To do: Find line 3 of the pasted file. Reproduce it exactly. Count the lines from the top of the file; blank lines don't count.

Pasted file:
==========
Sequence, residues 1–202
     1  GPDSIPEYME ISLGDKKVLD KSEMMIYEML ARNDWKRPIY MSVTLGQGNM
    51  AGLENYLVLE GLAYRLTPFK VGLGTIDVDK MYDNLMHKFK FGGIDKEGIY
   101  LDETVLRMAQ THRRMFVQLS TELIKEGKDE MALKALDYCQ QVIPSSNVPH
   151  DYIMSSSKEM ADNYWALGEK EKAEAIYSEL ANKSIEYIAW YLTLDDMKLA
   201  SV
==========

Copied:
    51  AGLENYLVLE GLAYRLTPFK VGLGTIDVDK MYDNLMHKFK FGGIDKEGIY